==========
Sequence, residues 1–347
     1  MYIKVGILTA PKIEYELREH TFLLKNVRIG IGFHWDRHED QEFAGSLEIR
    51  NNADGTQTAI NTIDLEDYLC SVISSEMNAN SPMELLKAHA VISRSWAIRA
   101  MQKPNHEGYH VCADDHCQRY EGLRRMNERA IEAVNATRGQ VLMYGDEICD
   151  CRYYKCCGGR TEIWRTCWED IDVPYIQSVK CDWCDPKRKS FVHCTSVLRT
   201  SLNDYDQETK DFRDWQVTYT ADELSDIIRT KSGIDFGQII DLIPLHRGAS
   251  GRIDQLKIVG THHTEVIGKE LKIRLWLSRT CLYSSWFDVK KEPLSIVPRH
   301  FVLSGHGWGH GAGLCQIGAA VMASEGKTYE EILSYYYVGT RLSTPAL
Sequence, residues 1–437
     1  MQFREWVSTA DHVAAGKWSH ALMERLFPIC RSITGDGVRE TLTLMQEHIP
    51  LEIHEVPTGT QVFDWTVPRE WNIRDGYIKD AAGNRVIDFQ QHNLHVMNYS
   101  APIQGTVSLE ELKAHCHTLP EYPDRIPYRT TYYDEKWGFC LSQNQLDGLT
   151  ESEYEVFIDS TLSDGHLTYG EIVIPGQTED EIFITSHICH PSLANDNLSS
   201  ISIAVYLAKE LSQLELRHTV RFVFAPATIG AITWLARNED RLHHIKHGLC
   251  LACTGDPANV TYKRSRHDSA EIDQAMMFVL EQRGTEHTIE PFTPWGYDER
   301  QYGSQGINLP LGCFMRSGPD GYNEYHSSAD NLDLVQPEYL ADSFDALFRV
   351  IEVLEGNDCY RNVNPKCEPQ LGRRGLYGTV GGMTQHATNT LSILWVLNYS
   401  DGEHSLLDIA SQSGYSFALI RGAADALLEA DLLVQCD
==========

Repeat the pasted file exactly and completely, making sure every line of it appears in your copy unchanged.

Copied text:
Sequence, residues 1–347
     1  MYIKVGILTA PKIEYELREH TFLLKNVRIG IGFHWDRHED QEFAGSLEIR
    51  NNADGTQTAI NTIDLEDYLC SVISSEMNAN SPMELLKAHA VISRSWAIRA
   101  MQKPNHEGYH VCADDHCQRY EGLRRMNERA IEAVNATRGQ VLMYGDEICD
   151  CRYYKCCGGR TEIWRTCWED IDVPYIQSVK CDWCDPKRKS FVHCTSVLRT
   201  SLNDYDQETK DFRDWQVTYT ADELSDIIRT KSGIDFGQII DLIPLHRGAS
   251  GRIDQLKIVG THHTEVIGKE LKIRLWLSRT CLYSSWFDVK KEPLSIVPRH
   301  FVLSGHGWGH GAGLCQIGAA VMASEGKTYE EILSYYYVGT RLSTPAL
Sequence, residues 1–437
     1  MQFREWVSTA DHVAAGKWSH ALMERLFPIC RSITGDGVRE TLTLMQEHIP
    51  LEIHEVPTGT QVFDWTVPRE WNIRDGYIKD AAGNRVIDFQ QHNLHVMNYS
   101  APIQGTVSLE ELKAHCHTLP EYPDRIPYRT TYYDEKWGFC LSQNQLDGLT
   151  ESEYEVFIDS TLSDGHLTYG EIVIPGQTED EIFITSHICH PSLANDNLSS
   201  ISIAVYLAKE LSQLELRHTV RFVFAPATIG AITWLARNED RLHHIKHGLC
   251  LACTGDPANV TYKRSRHDSA EIDQAMMFVL EQRGTEHTIE PFTPWGYDER
   301  QYGSQGINLP LGCFMRSGPD GYNEYHSSAD NLDLVQPEYL ADSFDALFRV
   351  IEVLEGNDCY RNVNPKCEPQ LGRRGLYGTV GGMTQHATNT LSILWVLNYS
   401  DGEHSLLDIA SQSGYSFALI RGAADALLEA DLLVQCD